Of course, differential measurements need to be done with distant stations, to ensure different geometry that produces different Doppler curves in each station. Otherwise, the two stations see very similar Doppler curves, and subtracting yields nothing.

The good thing is that Jean Marc is in Mauritius, which, if you look at the map, is on the other side of the satellite compared to my station. The satellite is at 0ºN, 24ºE, my station is at 41ºN, 4ºW, and Jean Marc’s is at 20ºS, 58ºE. This provides a very good geometry for differential measurements.

Some days ago, Jean Marc sent me the measurements he had done on December 22, 23 and 24. This post contains an analysis of these measurements and the measurements I took over the same period, as well as some geometric analysis of Doppler.

It would be interesting if other people in different geographic locations join us and also perform measurements. As I’ll explain below, a station in Eastern Europe or South Africa would complement the measurements done from Spain and Mauritius well. If you want to join the fun, note a couple of things first: The Doppler is very small, around 1ppb (or 10Hz). Therefore, you need to have everything locked to a GPS reference, not only your LNB. Also, the change in Doppler is very slow. The Doppler looks like a sinusoidal curve with a period of one day. To obtain meaningful results, continuous measurements need to be done over a long period. At least 12 hours, and preferably a couple days.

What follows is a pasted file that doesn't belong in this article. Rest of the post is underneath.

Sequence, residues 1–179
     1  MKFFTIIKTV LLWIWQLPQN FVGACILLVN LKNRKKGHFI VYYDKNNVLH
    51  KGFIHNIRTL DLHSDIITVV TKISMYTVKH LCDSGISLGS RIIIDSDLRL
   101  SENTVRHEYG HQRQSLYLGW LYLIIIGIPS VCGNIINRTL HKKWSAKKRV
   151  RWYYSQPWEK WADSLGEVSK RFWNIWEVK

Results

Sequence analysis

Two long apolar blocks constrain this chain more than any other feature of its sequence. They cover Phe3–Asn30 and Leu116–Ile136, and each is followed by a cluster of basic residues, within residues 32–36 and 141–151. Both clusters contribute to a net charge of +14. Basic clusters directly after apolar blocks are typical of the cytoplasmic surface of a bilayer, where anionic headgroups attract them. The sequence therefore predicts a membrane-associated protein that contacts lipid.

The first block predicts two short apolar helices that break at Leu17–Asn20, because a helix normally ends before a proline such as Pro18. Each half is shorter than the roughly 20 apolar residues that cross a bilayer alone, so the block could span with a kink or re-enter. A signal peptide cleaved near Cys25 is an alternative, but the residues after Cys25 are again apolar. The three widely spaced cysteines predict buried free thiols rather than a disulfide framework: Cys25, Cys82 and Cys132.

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One month of Es’hail 2 Doppler data

In a previous post I talked about my Doppler measurements of the Es’hail 2 10706MHz beacon. I’ve now been measuring the Doppler for almost a month and this is a follow-up post with the results. This experiment is a continuation of the previous post, so the measurement setup is as described there.

It is worthy to note that, besides the usual satellite movement in its geostationary orbit, which causes the small Doppler seen here, and the station-keeping manoeuvres done sometimes, another interesting thing has happened during the measurement period.

On 2018-12-13 at 8:00 UTC, the antenna where the 10706MHz beacon is transmitted was changed. Before this, it was transmitted on a RHCP beam with global coverage. After the change, the signal was vertically polarized and the coverage was regional. Getting a good coverage map of this beam is tricky, but according to reports I have received from several stations, the signal was as strong as usual in Spain, the UK and some parts of Italy, but very weak or inexistent in Central Europe, Brazil and Mauritius. It is suspected that the beam used was designed to cover the MENA (Middle East and North Africa) region, and that Spain and the UK fell on a sidelobe of the radiation pattern.

At some point on 2018-12-19, the beacon was back on the RCHP global beam, and it has remained like this until now.

The figure below shows my raw Doppler measurements, in parts-per-billion offset from the nominal 10706MHz frequency. The rest of the post is devoted to the analysis of these measurements.